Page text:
Tea storage is rather simple and follows a few elementary rules involving exposure to oxygen, light and heat. We’ll cover some easy suggestions around the household along with some consequences if tea is not stored properly. Although this may take a little bit of effort to set up, the results will be astounding as one can notice the difference in preservation of flavors and aromas, especially if kept out of the sun.
Keep Away From The Light
Tea leaves are like vampires. Maybe not vampires, but exposure to lighting can quickly degrade the quality of tea leaves. UV rays can especially destroy the fragrance and flavor within your tea. Don’t believe us? We recommend trying it out by leaving out a bag of tea leaves or in a transparent jar by a sunlit window for a day. After that, you can find stark comparisons when brewing that batch against one which was not exposed to sunlight. What we recommend is storing your teas in areas that are darker such as the back of your pantry or cabinets. Light can quickly degrade the quality within tea and is the main factor to watch out for as it is more powerful than the upcoming factors.
Keep It Sealed
Tea can also be vulnerable to oxygen. Processed tea leaves are oxidized and contain anywhere from 3-6% moisture. If you’ve ever brewed loose leaf tea, sometimes you will get shocking revelations from others, admiring how much the tea leaves expand from such a tiny amount of tea. It goes back to that huge reduction of moisture so that the leaves shrink down tremendously. Tea leaves absorb a lot and at a quick rate. This includes anything in the surrounding area! The surrounding air may oxidize your tea more and change its tastes from what was originally intended. We recommend to seal off your teas, after opening, in an air tight vessel. Otherwise, the taste of your tea may change as it is exposed to more oxygen.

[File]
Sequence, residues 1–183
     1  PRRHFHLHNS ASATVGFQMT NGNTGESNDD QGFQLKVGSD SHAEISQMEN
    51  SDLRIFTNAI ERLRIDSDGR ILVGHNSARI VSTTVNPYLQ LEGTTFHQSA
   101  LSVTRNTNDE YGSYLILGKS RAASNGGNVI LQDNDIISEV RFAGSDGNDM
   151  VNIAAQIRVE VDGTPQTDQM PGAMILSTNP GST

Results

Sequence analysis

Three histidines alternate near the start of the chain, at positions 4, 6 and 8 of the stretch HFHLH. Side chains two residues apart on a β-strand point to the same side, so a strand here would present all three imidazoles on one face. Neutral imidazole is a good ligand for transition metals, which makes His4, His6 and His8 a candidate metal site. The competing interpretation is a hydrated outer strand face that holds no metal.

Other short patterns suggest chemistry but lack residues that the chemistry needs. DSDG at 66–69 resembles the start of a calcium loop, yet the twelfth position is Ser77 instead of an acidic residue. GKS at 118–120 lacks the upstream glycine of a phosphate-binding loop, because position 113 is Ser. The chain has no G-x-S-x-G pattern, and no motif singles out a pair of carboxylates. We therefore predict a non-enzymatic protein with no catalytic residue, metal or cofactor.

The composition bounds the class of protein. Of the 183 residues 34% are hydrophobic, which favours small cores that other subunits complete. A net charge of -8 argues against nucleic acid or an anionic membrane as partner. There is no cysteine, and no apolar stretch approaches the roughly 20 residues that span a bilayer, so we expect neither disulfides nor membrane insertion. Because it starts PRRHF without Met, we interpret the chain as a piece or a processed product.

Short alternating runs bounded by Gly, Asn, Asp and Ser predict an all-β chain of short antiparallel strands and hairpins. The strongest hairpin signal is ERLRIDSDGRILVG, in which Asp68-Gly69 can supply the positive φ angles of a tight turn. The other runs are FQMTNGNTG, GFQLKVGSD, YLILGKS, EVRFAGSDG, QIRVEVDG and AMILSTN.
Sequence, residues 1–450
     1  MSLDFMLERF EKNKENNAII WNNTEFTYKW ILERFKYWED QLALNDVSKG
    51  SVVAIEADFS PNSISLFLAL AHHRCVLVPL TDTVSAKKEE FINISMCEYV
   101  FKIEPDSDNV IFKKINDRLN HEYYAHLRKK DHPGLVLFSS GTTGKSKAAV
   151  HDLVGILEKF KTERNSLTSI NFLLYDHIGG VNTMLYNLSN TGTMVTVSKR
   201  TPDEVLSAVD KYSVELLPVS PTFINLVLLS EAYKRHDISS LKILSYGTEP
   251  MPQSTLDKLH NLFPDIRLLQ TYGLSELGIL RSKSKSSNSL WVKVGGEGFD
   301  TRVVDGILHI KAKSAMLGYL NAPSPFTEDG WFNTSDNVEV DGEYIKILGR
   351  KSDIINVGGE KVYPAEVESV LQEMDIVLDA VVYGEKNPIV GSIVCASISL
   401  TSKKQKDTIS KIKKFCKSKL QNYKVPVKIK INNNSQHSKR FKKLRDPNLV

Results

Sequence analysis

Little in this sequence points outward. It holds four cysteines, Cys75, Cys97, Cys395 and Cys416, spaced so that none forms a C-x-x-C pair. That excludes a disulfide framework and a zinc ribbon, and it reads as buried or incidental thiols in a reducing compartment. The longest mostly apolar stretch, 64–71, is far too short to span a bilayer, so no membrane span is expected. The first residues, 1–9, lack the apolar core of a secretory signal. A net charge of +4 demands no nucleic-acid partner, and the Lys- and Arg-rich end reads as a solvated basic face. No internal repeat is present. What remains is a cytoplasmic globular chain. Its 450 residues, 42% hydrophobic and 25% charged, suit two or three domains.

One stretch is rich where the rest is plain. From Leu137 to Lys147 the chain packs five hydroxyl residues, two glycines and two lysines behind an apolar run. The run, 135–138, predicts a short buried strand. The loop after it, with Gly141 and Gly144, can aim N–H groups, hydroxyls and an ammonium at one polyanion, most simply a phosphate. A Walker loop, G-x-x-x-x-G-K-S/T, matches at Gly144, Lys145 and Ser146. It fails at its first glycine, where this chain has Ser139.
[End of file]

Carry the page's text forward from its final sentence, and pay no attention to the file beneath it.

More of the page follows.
Popular choices for storage are ceramic or tin jars with air tight caps that seal the tea in. Other more cost effective solutions consists of putting your tea temporarily in zip lock bags, using a sealing clip or even wrapping a rubber band around the aluminum bag your tea could have been packaged in. The idea is simple, keep as much air out as possible. Also, please note that less oxidized teas (white and greens) are more prone to change in flavor and aroma, if left out in the open, compared to more oxidized ones such as roasted oolongs or black teas.
Keep It Cool
Heat is another factor which may deteriorate the quality of your tea. Even after processing, tea leaves may continue the oxidation process and change depending on its exposure to light or oxygen. Higher temperatures also play a role in post oxidation as heat can speed up this process. Heat also has the possibility to increase the moisture within containers which in turn can damage the quality of your teas. If your tea happens to be placed right next to an oven or stovetop, then we highly recommend moving your storage area. What is the ideal temperature for tea then? Anything 75°F and below is the ideal storage temperature you want for your teas. Of course, there are exceptions to this for greener teas such as Longjing Green teas, which are sometimes better off refrigerated, and fermented teas such as Pu Erhs which can take a little bit more heat and moisture in their storage spaces.
Hopefully this will give you a better understanding with tea storage so that you can better preserve the lifespan of your tea after opening. It is best to keep it in a dark and cool area inside a vessel that is properly sealed off.